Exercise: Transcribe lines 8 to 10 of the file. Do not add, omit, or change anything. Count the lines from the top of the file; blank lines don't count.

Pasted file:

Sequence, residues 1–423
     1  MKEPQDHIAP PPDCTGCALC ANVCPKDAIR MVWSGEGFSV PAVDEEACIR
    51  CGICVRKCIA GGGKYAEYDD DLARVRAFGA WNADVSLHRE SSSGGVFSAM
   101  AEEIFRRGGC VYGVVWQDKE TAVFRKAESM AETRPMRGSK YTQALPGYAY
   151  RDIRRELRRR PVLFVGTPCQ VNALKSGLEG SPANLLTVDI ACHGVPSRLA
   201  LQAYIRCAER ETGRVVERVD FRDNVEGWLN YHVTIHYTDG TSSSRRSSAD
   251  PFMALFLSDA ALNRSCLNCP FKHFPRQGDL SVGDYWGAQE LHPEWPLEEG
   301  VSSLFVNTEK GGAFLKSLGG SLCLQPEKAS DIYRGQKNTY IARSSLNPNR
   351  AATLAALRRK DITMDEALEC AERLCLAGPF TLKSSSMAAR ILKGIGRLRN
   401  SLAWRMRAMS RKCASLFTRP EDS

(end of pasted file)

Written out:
   301  VSSLFVNTEK GGAFLKSLGG SLCLQPEKAS DIYRGQKNTY IARSSLNPNR
   351  AATLAALRRK DITMDEALEC AERLCLAGPF TLKSSSMAAR ILKGIGRLRN
   401  SLAWRMRAMS RKCASLFTRP EDS